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Android Animation Framework Tutorial

Posted August 5th, 2008 by
Summary

This tutorial is an introduction to the built in animation frameworks that are part of the Android UI library. Without writing any animation/drawing code, you can do 2 types of animations – layout transitions that affect ViewGroups, and sequences inside a View. You can also do frame by frame animation, but this tutorial will not cover that. The basics covered here affect layout transitions, and animation of a View itself, using tweening animation, which includes each of the following effects (or any combination) – Alpha, Rotate, Scale, and Translate.

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Android ListView and custom adapter Tutorial

Posted August 4th, 2008 by
Summary

This tutorial will show you how to use ListView to display selectable lists of non trivial data, using complex cell renderers. The ListView is a selectable list. You can attach a variety of data models to it and load different display layouts (cell renderers). You can create your own model and cell renderer. This model-view combo is called an Adapter. In this tutorial, I will show you how to extend create your own Adapter from scratch, and create your own cell renderers from scratch as well.

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Android LinearLayout Tutorial

Posted August 4th, 2008 by
Summary

This tutorial shows you how to use the LinearLayout container (using Java code, not XML markup), which is the simplest layout mechanism available on Android. If you’re familiar with Swing’s BoxLayout then you will have a good idea of what this container has to offer. Linear layouts are really simple… you can add components horizontally or vertically to a ‘bag’ or ‘box’.

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Android UI Themes Tutorial

Posted July 31st, 2008 by
Summary

This tutorial will show you how to use Android’s theme-ing capabilities. You can set background color, image, etc. on widgets, dialogs, and activities.

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Android TableLayout Tutorial

Posted July 29th, 2008 by
Summary

This tutorial will show you how to use the TableLayout container, which is like an HTML table. The UI layout code is done in Java, not XML. A class (LayoutUtils) is provided to make it easier to attach layout params to View objects.

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Android Option and Context menu Tutorial

Posted July 16th, 2008 by
Summary

This tutorial will show you how to create options menu (hooks into the MENU button) and context menu (press and hold a component).

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Android XML View inflation Tutorial

Posted July 16th, 2008 by
Summary

This tutorial will show you how to instantiate or inflate a View from XML; this is useful for components that don’t provide a Java API to tweak with certain style attributes. The Button class is used as an example; you can only get certain styles to show up via XML that aren’t available via the Java API.

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Android Activity and sub-Activity Tutorial

Posted July 15th, 2008 by
Summary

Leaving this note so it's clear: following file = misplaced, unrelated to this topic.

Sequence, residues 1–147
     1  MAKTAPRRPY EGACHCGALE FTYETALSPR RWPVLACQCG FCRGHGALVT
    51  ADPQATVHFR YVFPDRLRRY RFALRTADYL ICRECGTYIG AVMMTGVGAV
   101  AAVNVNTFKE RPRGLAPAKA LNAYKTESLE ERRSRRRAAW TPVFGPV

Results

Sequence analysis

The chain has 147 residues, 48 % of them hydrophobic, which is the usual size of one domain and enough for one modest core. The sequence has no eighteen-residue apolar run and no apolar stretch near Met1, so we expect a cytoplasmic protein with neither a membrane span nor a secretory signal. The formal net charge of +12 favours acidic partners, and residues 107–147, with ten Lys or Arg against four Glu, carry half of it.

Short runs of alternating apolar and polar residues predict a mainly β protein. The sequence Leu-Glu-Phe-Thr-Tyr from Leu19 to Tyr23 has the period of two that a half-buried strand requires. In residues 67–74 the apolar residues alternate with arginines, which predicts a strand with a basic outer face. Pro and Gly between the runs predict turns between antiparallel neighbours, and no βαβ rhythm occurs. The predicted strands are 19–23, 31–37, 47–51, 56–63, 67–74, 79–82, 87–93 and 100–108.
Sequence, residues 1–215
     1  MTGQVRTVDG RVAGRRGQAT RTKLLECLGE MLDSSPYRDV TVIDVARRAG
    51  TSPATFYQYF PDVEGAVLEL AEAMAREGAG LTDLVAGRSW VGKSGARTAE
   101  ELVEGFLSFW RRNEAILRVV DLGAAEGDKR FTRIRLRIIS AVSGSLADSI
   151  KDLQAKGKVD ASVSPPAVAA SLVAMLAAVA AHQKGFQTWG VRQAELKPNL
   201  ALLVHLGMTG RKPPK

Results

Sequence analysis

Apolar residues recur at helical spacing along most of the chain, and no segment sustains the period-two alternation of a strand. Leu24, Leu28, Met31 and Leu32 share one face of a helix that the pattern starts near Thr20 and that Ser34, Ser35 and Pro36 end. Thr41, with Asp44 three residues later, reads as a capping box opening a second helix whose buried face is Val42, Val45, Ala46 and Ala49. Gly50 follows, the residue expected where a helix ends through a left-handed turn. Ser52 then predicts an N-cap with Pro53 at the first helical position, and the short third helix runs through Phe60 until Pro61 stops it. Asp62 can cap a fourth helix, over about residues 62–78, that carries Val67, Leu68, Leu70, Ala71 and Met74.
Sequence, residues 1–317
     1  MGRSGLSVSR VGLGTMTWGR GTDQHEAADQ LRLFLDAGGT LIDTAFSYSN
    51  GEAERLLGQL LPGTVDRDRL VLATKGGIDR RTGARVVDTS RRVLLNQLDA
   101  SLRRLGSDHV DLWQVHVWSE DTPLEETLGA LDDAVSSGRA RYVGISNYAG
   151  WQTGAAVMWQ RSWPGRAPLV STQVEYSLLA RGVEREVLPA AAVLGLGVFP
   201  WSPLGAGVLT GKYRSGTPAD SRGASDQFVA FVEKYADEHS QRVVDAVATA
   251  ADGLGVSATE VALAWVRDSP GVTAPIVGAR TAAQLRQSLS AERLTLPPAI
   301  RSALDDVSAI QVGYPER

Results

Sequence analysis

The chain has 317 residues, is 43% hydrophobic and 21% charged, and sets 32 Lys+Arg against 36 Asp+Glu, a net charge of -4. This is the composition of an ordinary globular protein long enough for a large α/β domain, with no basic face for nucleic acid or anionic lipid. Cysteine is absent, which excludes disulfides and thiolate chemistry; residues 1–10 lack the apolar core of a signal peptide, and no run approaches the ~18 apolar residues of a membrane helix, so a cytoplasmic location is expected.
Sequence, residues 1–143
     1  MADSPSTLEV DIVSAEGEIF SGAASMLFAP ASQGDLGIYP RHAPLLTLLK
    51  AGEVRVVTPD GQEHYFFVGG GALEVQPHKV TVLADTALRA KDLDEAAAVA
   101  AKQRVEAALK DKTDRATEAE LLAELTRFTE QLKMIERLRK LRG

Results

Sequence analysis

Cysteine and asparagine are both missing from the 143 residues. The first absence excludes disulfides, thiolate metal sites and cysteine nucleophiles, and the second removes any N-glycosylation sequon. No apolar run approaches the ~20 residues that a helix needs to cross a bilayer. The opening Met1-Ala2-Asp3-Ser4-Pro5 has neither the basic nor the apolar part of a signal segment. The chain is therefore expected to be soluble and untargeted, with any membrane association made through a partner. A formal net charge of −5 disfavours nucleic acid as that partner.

This tutorial will show you how to create a sub-Activity from a calling-Activity, and process the results produced by the sub-Activity, if you want to do so. Also, the various ways of launching a sub-Activity are covered, along with the Android Activity history stack. A subclass of Activity is also provided that makes it trivial to launch sub-Activities and respond to results from them.

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Android SDK and tools – Getting started

Posted July 15th, 2008 by
Summary

This tutorial has helpful pointers for developers who are just getting started with Android. In addition to Google’s documentation on the SDK itself, there are lots of tools that come with the SDK and others that you can download elsewhere that make it a little bit easier to work with Android.

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Android – How to build a service-enabled Android app – Part 3/3 Multithreading

Posted June 4th, 2008 by
Summary

I’ve written 3 tutorials to show you how to create a service enabled Android application that performs all of it’s network I/O in a background thread (not the UI thread). These tutorials are split into three parts. This tutorial shows you how to use background threads to perform long running network IO operations, so that the main UI thread is not locked up.

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Android – How to build a service-enabled Android App – Part 2/3 Networking

Posted June 4th, 2008 by
Summary

I’ve written 3 tutorials to show you how to create a service enabled Android application that performs all of it’s network I/O in a background thread (not the UI thread). These tutorials are split into three parts. This one shows you how to use Apache HTTP Client to connect to services over HTTP or HTTPS and exchange serialized Java objects with services.

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Android – How to build a service-enabled Android app – Part 1/3 UI

Posted June 4th, 2008 by
Summary

I’ve written 3 tutorials to show you how to create a service enabled Android application that performs all of it’s network I/O in a background thread (not the UI thread). This tutorial shows you how to build a simple UI without using XML, by writing Java code to layout the UI.